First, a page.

Saints Row 2 is such a good game! I’ve said it before, most Saints Row fans have said it before, but I honestly have never played a better open-world sandbox game, and I recently got Grand Theft Auto V. The city is vibrant, the tone balances gritty gang violence with tongue-in-cheek game-y action, the characters and story are solid and the gameplay is bursting with variety and unbridled freedom. Saints Row the Third does a decent job of carrying this over, I’d give it an 80% in all, and most of the big things it missed were detailed in my last article on this topic. This time around, I’m going to be a little more nitpicky. But come on, how hard would it be to not delete:

1. The flamethrower. Flamethrowers are one of the classic video game weapons, and Saints Row 2 duly included one as an available unlockable weapon for your inventory. Heck, they even added a fire extinguisher melee that could counter it. It was one of the tougher weapons to use in the game as fire spread by contact, as your targets had a tendency to run around flailing their arms and spreading the fire throughout the room, but that was its niche and it rewarded careful play. Saints Row the Third‘s iteration of the gun, the Incinerator, is a non-inventory weapon, meaning that you can carry one but it has limited ammunition, slows you down, and restricts you from doing anything else while holding it, not to mention you can only get one by pissing off the rival gangs enough that they send Incinerator-wielding Brutes to take you down. It’s certainly not as versatile as the flamethrower from SR2.

2. Improvised weapons. While we’re on weapons, I have to mention the entire arsenal of props littering Stilwater that can be picked up and wielded in a pinch. Beer bottles, rubbish bags, lamps, microwaves… hell, just have a look at that ambitious list. These are mostly useful in the early game, before you’ve managed to find any decent melees and ammo is pricey, but they’re more appreciated for the flavor of adding to the player’s ability to interact with the world. It’s not a real bar fight if you can’t grab a stool and bludgeon your assailant to death with it.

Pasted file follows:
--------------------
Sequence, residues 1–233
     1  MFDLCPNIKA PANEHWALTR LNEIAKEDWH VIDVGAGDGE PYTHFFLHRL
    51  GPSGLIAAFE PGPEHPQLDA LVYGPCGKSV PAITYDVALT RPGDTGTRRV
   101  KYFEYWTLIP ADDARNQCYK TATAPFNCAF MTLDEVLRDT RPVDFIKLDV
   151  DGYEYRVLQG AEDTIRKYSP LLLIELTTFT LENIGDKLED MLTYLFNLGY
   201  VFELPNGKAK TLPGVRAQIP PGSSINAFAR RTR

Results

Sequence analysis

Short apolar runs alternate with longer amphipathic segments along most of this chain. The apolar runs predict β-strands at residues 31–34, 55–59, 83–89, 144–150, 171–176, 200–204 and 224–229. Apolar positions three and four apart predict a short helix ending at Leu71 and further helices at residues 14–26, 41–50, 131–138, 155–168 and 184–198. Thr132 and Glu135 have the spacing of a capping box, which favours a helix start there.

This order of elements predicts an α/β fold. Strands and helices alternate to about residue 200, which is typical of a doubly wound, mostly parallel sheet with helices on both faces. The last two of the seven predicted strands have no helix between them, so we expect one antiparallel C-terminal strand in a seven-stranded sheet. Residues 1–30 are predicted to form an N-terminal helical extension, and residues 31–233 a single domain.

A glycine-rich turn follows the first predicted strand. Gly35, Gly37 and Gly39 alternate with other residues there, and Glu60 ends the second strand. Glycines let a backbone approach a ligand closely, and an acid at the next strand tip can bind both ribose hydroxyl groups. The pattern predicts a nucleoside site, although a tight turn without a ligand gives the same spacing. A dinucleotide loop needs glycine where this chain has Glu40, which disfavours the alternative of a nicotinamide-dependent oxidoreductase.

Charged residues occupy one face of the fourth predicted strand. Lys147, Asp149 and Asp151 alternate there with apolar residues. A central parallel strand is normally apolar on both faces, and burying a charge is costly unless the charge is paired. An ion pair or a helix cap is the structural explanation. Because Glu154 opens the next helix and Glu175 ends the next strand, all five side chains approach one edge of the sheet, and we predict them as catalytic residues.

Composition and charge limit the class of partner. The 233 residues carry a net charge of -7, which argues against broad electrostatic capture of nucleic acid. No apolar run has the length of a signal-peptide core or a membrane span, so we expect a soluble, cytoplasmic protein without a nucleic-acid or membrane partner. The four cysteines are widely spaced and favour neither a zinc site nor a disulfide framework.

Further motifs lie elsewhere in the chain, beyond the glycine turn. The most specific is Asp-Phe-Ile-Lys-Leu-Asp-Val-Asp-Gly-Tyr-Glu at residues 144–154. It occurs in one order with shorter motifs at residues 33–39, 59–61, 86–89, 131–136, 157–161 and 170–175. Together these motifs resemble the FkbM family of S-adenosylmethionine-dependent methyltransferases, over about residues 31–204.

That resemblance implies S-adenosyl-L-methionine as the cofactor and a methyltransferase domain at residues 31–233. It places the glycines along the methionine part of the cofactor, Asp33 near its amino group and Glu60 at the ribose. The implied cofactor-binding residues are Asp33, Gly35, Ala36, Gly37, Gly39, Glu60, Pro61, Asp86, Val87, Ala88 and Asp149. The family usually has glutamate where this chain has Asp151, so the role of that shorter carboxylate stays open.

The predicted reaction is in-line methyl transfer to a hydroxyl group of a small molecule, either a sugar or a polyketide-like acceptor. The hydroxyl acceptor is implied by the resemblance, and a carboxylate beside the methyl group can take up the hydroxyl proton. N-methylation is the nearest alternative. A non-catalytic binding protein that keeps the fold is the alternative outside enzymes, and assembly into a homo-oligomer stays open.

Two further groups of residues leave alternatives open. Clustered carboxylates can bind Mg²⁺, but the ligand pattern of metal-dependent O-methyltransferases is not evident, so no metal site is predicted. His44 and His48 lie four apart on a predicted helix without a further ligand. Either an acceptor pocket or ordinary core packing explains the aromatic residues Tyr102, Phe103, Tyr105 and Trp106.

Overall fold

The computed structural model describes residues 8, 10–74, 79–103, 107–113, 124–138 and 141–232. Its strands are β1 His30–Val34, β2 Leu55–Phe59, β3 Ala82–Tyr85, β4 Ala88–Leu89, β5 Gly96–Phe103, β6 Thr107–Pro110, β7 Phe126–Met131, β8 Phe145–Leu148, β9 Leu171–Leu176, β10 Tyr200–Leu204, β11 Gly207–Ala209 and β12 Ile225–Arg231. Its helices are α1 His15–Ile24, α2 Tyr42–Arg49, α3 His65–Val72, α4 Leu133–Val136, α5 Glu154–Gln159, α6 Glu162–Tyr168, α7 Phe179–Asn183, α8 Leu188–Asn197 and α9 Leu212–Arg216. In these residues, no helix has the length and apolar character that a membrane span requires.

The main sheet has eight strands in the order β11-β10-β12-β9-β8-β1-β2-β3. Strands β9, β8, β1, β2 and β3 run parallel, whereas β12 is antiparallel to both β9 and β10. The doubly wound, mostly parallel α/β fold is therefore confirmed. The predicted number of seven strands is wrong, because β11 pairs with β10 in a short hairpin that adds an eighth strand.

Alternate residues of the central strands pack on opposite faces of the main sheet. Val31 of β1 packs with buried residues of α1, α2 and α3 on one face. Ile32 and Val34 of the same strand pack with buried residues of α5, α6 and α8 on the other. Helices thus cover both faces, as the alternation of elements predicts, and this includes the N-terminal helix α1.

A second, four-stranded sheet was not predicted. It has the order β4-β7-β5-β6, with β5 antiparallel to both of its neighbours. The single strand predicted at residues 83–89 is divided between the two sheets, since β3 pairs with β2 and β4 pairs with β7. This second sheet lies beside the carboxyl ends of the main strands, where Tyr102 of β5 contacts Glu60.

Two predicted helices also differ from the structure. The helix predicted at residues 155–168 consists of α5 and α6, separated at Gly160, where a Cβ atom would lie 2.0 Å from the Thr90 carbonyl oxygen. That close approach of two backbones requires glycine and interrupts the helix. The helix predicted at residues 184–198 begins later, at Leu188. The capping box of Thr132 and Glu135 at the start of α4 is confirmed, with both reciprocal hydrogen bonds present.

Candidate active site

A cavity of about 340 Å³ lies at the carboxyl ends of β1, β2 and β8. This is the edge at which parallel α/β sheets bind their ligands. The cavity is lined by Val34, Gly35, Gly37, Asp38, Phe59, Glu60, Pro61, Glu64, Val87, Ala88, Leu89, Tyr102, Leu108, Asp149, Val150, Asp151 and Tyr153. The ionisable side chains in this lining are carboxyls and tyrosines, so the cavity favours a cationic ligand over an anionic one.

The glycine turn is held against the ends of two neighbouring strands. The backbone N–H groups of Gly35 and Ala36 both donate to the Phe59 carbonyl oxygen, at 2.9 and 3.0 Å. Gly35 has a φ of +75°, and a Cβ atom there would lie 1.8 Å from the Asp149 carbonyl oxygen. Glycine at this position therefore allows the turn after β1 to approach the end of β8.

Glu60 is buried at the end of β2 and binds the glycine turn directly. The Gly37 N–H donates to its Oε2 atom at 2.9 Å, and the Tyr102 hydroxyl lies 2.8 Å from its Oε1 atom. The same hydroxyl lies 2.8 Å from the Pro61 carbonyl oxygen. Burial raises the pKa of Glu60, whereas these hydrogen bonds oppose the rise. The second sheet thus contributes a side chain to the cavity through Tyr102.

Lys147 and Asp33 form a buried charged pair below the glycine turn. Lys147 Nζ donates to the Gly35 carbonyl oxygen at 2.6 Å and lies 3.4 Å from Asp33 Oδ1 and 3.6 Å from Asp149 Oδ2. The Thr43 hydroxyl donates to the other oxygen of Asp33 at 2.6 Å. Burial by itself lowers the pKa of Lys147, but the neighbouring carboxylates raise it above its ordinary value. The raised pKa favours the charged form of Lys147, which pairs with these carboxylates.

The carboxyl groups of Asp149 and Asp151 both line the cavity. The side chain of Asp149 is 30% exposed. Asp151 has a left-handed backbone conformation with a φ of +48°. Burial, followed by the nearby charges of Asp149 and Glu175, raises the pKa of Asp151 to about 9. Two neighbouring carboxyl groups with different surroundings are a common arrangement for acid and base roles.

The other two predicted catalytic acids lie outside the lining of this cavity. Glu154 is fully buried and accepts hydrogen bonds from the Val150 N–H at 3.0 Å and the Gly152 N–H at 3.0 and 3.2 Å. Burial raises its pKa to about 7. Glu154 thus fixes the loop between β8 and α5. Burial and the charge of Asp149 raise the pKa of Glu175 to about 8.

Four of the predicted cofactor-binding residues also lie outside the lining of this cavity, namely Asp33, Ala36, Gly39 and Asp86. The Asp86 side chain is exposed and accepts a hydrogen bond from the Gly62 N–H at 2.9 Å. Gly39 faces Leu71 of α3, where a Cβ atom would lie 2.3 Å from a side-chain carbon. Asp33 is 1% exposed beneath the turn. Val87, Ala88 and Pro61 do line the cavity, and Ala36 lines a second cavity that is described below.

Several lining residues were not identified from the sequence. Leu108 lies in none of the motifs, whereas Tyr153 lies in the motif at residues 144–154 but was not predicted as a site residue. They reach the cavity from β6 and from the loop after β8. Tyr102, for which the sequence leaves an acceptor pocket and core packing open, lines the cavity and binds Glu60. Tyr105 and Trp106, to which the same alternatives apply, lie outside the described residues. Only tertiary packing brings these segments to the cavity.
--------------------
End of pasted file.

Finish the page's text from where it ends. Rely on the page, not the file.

3. How Hitman worked. Hitman is a diversion where you can locate lists of people with bounties on their heads. Most have a set spawn location and occasionally an additional trigger based on their personality (for example, the Biker will only spawn if you visit his spawn area on a motorcycle). In Saints Row 2, these characters will start spawning once their bounties are added to your cell phone, meaning you frequently encountered them entirely by accident, and I preferred that because their atypical outfits added further color to the city. In Saints Row the Third, you need to go into your cell phone and activate a bounty, and only then will that target (and no others) spawn, and you can only have one bounty active at once, turning the roster into basically a series of fetch quests. It’s still fun, but the removal of its ‘random’ element is another reason SR3’s Steelport feels emptier than SR2’s Stilwater.

4. A neutral enemy gang. Speaking of Steelport feeling empty, it gets even worse once you’ve beaten the main plot. All three rival gangs have been run out of town, STAG’s been crippled, and now the only enemies you can ever fight are police officers. In Saints Row 2, the Pimps are a rival gang that don’t participate in the main story at all, meaning their faction survives the events of the game and are always available to pick fights with. This was probably so that the player wasn’t locked out of the drive-by diversion, which requires enemy gang members for targeting, but it also meant you could still orchestrate three-way clusters between the Saints, the cops, and the Pimps.

I guess I can’t include the ability to change eye color, since it’s from Gentlemen of the Row.

And now, just to stop me from writing another article with increasingly-tiny nitpicks, here are four honorable mentions: the gambling mini-games, FUZZphone numbers, and the ability to return to a single pistol after unlocking akimbo.

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